This publication presents the detailed findings of a consultation, led by the RCN, into the digital future of nursing. The consultation took place over January and February 2018. The consultation explored 1) ideas for a shared vision of a digitally enabled health and social care service 2) the barriers and enablers to the vision becoming a reality and 3) examples of how data, information, knowledge and technology are already bringing that vision to life.

23. Improving Digital Literacy
The effective use of information and digital technologies is a key enabler in delivering health and social care now and in the future. Developed by Health Education England and the RCN, the publication outlines why digital capabilities are so important in the provision of the best care; why the right digital knowledge, skills, behaviours and attitudes are important and relevant to each and all of us working in health and care; and what those digital capabilities are.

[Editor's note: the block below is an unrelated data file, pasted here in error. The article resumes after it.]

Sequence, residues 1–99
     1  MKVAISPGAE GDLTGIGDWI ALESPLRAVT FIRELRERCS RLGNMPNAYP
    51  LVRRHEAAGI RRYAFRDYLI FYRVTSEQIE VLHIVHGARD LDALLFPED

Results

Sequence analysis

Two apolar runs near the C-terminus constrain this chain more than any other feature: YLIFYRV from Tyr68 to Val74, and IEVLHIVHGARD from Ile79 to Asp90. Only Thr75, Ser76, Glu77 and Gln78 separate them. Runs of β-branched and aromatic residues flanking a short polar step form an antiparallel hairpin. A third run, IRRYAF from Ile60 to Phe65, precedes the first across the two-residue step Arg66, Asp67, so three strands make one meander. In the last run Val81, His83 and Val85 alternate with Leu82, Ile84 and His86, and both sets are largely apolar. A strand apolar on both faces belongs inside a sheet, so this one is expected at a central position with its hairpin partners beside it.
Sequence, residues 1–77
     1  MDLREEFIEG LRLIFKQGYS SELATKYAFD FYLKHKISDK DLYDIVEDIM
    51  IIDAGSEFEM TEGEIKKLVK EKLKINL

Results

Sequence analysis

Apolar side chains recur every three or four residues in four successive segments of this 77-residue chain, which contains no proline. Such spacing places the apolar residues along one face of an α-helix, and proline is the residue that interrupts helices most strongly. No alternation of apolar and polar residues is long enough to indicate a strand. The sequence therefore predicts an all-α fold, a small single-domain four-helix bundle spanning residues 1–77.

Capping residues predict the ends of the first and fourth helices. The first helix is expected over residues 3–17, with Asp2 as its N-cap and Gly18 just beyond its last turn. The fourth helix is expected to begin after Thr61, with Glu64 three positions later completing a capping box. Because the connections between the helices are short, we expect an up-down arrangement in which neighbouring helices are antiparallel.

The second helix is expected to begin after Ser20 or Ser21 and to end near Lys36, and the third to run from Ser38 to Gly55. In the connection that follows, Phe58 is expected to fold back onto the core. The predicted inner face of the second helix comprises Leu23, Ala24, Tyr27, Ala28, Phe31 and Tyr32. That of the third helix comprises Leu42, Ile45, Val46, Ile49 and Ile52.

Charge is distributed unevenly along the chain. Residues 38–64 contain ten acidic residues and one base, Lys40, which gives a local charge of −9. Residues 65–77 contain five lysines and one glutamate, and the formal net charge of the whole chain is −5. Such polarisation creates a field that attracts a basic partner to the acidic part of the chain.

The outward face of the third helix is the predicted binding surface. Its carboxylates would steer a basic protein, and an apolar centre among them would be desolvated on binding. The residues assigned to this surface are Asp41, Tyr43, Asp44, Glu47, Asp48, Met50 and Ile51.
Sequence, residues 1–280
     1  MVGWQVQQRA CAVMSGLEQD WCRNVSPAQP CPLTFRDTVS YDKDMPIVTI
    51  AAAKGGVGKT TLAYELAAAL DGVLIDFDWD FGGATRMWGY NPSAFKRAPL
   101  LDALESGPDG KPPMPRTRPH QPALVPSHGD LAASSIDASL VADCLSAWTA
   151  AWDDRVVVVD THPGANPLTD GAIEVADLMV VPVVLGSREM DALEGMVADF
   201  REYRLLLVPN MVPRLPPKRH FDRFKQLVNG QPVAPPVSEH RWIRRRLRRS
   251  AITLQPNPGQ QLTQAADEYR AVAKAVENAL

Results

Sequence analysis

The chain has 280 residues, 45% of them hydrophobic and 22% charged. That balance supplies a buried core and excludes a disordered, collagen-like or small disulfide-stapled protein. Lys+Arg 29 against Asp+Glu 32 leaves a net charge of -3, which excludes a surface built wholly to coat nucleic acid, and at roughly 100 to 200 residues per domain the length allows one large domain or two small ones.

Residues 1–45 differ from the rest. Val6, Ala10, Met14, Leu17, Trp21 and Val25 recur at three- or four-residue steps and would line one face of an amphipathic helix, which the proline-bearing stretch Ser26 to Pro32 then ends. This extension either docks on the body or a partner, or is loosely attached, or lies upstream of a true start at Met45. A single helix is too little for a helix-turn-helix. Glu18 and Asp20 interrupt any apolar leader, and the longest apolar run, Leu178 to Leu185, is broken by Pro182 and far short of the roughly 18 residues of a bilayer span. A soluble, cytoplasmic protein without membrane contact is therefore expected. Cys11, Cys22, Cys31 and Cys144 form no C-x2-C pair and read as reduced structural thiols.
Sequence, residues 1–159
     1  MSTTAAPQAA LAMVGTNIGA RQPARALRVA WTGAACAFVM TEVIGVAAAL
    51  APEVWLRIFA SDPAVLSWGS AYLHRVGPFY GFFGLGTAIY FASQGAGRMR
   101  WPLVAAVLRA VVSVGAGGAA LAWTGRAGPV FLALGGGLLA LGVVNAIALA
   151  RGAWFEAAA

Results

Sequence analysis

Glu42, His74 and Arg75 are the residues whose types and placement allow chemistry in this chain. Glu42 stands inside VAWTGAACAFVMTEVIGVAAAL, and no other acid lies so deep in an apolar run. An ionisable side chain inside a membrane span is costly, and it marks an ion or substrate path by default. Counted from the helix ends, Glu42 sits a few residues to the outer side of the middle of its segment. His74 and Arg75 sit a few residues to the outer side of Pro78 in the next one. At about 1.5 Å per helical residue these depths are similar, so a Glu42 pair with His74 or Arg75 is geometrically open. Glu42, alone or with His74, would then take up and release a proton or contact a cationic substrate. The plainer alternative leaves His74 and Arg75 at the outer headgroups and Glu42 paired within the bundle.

24. New Zealand Association of Gerontology 2018 Conference
The mosaic of ageing
Date: Thursday 6th to Saturday 8th September
Venue: Ellerslie Event Centre, Auckland
More information:

News - National

25. Nursing community support 'way of life' for Nelson woman Penny Molnar
Nelson Mail -  June 4 2018
A life supporting others for the benefit of the community has just been "a way of life" for Penny Molnar. The Nelson woman has been awarded a Queen's Service Medal for services to the community. There are not many organisations in Nelson that Molnar hasn't been involved with.

26. 'Fairly awful' - anti-depressant withdrawal symptoms rife in New Zealand, but warnings found to be lacking